Judge warns of public service algo dangers

A Supreme Court judge has warned about the potential dangers of automating decision-making in public services.

In a lecture at the British and Irish Legal Information Institute this month, Philip Sales QC asserted that while new systems of digital government offer potential cost savings, they also have the potential to undermine human rights.

“Access to public services is being depersonalised – the individual seems powerless in the face of machine systems and loses all dignity in being subjected to their control,” he stated, adding: “The movement here threatens to be from citizen to consumer and then on to serf.”

Sales added his voice to a growing movement towards independent regulation of artificial intelligence (AI) and machine learning algorithms.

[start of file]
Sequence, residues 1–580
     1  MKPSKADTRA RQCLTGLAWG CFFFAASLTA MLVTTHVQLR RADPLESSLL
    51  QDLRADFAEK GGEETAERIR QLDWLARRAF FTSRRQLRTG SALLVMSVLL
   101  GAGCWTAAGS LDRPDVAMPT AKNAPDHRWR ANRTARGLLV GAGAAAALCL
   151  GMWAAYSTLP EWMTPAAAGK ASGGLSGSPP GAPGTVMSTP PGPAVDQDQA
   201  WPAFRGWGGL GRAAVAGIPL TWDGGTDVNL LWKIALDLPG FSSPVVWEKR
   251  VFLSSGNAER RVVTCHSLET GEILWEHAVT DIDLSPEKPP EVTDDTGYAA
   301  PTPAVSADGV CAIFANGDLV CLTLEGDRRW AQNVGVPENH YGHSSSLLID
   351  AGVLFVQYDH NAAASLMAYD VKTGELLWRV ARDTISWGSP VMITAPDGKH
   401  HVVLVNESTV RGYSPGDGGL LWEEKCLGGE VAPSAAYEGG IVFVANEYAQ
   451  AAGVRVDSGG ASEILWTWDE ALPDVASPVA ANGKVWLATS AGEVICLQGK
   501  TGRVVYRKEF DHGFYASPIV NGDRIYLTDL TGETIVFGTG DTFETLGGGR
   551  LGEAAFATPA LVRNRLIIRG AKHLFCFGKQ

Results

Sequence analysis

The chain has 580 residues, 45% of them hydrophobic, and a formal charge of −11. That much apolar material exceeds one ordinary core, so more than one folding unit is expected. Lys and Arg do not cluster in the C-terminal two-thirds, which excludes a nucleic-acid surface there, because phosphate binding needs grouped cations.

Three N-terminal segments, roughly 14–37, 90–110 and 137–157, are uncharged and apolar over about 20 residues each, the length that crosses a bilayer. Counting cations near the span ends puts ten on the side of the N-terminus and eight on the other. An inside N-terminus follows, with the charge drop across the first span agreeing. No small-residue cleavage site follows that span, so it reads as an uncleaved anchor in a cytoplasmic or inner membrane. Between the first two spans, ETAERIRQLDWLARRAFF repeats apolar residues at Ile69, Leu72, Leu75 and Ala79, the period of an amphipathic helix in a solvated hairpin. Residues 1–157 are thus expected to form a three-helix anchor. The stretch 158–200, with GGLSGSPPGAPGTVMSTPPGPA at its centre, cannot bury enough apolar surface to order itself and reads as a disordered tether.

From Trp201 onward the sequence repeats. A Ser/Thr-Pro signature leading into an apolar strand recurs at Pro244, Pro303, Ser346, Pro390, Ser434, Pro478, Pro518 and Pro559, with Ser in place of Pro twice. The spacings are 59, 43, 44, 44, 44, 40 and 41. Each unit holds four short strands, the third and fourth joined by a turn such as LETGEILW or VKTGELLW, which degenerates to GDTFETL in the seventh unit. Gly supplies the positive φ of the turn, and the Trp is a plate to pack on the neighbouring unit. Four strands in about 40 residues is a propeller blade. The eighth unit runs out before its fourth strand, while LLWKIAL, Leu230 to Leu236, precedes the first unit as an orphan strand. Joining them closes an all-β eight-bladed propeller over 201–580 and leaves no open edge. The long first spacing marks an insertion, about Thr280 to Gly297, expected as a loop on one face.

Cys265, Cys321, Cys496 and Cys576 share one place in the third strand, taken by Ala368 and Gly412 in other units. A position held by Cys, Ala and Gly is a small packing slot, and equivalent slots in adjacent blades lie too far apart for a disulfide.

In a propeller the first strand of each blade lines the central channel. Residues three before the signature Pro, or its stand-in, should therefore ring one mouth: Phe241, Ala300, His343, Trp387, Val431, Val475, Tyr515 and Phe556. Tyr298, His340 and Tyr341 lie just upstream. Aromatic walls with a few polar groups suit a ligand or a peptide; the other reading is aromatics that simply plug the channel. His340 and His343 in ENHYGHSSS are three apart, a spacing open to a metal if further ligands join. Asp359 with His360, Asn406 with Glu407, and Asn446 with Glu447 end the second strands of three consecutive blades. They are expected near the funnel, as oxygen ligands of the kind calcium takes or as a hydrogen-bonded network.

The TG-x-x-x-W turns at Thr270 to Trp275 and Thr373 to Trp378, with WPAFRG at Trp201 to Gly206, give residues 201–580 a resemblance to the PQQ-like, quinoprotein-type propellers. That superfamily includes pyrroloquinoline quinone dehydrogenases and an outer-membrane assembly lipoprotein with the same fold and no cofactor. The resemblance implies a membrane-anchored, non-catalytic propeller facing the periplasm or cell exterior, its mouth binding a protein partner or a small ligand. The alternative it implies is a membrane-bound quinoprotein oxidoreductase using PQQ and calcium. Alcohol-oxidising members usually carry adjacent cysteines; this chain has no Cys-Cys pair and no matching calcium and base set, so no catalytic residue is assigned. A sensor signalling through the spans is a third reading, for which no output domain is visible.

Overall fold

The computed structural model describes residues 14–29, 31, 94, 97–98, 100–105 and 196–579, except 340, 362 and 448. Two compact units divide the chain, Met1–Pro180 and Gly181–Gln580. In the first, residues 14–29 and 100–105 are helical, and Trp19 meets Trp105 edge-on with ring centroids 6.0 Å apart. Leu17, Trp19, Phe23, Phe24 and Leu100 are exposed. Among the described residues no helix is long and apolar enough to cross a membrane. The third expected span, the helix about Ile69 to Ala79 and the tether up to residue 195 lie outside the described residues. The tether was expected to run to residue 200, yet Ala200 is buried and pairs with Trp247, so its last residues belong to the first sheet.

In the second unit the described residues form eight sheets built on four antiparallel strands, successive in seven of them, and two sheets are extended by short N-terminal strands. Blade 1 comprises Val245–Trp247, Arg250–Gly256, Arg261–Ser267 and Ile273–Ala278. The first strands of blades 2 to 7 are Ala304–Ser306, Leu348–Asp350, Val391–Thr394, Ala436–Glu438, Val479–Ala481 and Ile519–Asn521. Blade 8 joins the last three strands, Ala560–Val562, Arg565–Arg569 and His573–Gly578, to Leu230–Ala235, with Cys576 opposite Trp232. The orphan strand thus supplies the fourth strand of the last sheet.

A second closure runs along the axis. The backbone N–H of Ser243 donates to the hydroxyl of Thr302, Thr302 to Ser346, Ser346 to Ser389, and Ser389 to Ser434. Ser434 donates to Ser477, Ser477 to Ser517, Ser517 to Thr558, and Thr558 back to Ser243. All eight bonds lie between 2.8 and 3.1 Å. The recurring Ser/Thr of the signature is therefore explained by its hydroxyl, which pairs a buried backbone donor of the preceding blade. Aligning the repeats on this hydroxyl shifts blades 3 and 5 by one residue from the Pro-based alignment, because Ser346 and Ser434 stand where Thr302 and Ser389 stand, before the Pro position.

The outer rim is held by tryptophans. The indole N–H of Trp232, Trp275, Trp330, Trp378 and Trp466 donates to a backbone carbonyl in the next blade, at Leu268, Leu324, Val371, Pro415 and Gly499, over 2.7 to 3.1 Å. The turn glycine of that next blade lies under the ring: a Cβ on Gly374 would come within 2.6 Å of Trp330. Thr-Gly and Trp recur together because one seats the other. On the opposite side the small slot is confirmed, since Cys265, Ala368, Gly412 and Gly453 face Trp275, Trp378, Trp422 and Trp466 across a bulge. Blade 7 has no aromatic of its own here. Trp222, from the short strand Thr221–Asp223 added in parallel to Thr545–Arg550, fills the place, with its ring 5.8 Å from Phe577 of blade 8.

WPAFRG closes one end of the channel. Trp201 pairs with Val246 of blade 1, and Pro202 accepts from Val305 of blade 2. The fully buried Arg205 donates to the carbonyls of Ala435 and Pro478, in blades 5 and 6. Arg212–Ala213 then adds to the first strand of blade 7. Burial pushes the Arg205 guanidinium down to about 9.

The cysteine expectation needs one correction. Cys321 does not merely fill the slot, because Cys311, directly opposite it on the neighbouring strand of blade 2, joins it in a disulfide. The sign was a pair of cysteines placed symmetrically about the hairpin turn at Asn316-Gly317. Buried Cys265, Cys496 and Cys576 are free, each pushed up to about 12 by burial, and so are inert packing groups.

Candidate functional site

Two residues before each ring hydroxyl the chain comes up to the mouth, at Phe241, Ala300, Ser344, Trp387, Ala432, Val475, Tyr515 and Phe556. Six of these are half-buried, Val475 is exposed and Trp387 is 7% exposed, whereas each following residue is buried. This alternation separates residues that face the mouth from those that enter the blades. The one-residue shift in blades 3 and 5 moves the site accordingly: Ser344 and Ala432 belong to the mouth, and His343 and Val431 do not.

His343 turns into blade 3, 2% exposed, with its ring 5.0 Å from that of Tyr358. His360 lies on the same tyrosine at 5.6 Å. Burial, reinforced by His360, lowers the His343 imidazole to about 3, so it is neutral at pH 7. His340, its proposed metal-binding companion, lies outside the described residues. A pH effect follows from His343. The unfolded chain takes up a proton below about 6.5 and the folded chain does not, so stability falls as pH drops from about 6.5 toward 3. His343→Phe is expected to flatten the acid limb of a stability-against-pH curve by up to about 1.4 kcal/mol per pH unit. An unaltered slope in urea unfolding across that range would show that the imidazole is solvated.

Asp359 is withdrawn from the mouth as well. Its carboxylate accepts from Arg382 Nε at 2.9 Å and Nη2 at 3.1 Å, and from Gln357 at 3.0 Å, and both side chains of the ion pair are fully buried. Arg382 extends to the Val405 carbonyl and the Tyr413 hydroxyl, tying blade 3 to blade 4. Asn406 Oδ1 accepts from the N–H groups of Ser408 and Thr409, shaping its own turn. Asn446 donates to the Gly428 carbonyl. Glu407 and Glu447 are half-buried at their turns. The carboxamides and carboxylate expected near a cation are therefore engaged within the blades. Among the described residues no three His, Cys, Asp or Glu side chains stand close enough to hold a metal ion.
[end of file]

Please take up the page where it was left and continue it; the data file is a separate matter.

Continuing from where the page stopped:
“AI may get to the stage where it will understand the rules of equity and how to recognise hard cases,” he stated, noting that while we’re not there yet, structures of legal obligations must be built for those who design and build algorithms.

Sales proposed setting up a commission to enforce human rights principles, staffed by technical experts assisted by lawyers and ethicists. “You could also think of it as an arm of a constitutional court,” he stated, noting that while such a body would not be cheap, the likely cost would be “proportionate to the risks” society will face.

Sales took up position on the Supreme Court this year, but has experience of the public service reform agenda under recent governments. As a barrister he served as first junior treasury counsel, representing the government in the civil courts.

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